Impressions Don’t Equal Reality


“If only people knew X about me, then they wouldn’t think Y.” Or maybe, “I’m not shy, I just don’t like to talk a lot and I like to have only a few close friends.” Perhaps you’re more of a “Once I get to know you, then I can’t stop talking.” 


Whichever script you identify with, it’s a feature of the human condition to want connection: a feeling of belonging, of being wanted and liked, of being understood and accepted. So when these feelings and desires of the metaphorical soul are not achieved or felt, we in turn feel a sense of something missing, some deeply-seated wish or goal going unfulfilled.


What is holding you back from being more open with people? If you’re like me, it’s a fear of rejection and ridicule.


In addition, the combination of the versions of the Western and Filipino culture I was raised in frowns on sharing personal information. It promotes shallow and inconsequential conversation, which I agree is necessary for good workplace culture and general politeness, but which also promotes shallow interactions as the norm, and perpetuates the epidemics of loneliness and depression sweeping the nation. 


I asked some of our own Cougar Chronicle staff what they wished others knew about them prior to the exchange of first impressions during their first meeting. Assistant Features Editor, Kathleen Carpio, said, “One thing I wish other people knew before first meetings is that body language says a lot about yourself.” She went on to say that, “Having a phone in front of you and being immersed in it makes it seem like to other people that you don’t want them to approach you, which may or may not be true for some people.”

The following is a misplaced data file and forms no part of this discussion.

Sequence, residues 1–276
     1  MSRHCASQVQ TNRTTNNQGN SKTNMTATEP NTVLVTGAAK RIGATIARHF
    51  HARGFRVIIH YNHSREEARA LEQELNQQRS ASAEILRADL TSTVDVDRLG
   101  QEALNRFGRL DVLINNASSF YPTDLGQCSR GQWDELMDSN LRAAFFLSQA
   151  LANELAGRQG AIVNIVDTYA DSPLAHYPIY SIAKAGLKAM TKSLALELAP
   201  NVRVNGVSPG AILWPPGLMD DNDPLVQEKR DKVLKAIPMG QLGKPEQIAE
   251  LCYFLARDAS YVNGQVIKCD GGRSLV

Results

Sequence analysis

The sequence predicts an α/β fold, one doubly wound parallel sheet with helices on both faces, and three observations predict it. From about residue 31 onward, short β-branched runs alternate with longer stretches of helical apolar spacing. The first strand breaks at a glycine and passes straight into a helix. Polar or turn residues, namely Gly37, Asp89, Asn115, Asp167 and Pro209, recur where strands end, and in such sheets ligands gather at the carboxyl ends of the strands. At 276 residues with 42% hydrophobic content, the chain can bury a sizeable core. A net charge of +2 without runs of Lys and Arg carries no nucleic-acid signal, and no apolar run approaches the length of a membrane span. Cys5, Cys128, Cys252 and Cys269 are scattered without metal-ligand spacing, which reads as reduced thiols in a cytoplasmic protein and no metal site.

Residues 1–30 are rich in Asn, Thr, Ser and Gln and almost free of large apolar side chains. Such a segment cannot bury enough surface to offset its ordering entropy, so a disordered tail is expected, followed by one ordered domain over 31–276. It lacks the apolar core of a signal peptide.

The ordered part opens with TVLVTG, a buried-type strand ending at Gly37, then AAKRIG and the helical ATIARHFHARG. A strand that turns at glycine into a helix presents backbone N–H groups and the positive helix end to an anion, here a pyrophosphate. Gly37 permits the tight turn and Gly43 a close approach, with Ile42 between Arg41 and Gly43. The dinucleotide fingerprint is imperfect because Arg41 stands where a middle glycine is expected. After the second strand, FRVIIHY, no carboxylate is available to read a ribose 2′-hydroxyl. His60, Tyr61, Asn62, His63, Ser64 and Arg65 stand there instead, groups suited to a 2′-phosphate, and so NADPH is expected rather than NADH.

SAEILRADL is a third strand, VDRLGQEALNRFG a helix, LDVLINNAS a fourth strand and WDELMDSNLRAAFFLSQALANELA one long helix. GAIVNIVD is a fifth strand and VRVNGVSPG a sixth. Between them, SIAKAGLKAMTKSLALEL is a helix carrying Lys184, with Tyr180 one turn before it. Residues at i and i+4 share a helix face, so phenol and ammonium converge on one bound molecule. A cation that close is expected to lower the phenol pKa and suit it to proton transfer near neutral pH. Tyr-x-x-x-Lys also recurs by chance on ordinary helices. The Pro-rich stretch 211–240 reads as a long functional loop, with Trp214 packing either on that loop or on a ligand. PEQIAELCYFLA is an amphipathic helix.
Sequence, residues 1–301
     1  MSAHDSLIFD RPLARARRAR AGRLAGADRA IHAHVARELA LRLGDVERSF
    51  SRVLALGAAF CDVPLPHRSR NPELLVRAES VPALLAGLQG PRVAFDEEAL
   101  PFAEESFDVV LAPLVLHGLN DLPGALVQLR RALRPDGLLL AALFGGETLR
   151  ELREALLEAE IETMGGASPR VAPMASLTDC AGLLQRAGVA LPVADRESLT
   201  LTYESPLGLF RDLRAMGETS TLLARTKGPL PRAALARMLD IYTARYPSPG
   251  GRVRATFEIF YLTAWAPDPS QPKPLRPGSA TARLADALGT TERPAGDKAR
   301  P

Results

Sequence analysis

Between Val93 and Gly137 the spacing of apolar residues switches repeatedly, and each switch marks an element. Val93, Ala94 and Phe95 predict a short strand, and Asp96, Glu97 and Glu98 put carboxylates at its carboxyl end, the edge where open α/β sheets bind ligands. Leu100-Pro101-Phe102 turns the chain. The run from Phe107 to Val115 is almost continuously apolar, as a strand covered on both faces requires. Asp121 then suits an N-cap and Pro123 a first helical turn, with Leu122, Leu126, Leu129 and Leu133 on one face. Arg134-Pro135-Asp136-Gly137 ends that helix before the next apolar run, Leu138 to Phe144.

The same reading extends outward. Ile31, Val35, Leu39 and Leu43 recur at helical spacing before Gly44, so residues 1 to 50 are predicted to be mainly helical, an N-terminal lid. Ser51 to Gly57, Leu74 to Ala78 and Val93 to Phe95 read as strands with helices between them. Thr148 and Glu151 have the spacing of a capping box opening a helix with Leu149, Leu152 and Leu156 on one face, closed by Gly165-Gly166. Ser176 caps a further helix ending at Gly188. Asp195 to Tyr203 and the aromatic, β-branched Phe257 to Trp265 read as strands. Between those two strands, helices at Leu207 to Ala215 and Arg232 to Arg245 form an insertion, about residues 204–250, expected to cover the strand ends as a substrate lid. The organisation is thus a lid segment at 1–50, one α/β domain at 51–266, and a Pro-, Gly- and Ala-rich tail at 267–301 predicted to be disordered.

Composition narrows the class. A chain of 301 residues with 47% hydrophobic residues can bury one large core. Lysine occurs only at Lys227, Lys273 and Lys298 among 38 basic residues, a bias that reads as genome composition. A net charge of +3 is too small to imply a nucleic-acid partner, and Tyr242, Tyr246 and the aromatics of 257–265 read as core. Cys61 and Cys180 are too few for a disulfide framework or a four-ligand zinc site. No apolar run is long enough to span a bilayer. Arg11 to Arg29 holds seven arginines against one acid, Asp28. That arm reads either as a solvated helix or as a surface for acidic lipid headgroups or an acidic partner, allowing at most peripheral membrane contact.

Adding onto that same theme of appearance versus reality, News Editor Adrianna Adame said, “Once my friends got to know me, they said that even though they at first thought I was boring or stuck up, they eventually saw that those weren’t true and that I am [a] very energetic and fun person, but just don’t like to open up to others easily. Once you get to actually know people, you’d be surprised with how different they are than what you originally thought.”


Echoing Adrianna’s thoughts, Arts and Entertainment Editor Anneliese Esparaza wishes, “that people knew that I take a bit longer to get comfortable with new people than most others. It doesn’t mean I don’t like you.”


Like my own thoughts on feeling like I’m not worthy of social interaction, Staff Writer Marielle Alindogan contributed a quick take, saying that she, “[hopes] that [new acquaintances] don’t dislike her…because [of her] vibe or something.” 


Every person is fighting an invisible war within their own mind. Thus, I believe it is our responsibility to be as non-judgmental and understanding of, and above all kind to every person we meet. There are limits, of course, including when the person is suicidal, homicidal or otherwise mentally-unstable, in which case judgment of such people and taking proper action to prevent harm they may cause to themselves and to others is key, but these are outliers.


Perhaps Andrew Wiggin, the main character of Orson Scott Card’s Ender’s Game, put it best: “I think it’s impossible to really understand somebody, what they want, what they believe, and not love them the way they love themselves.”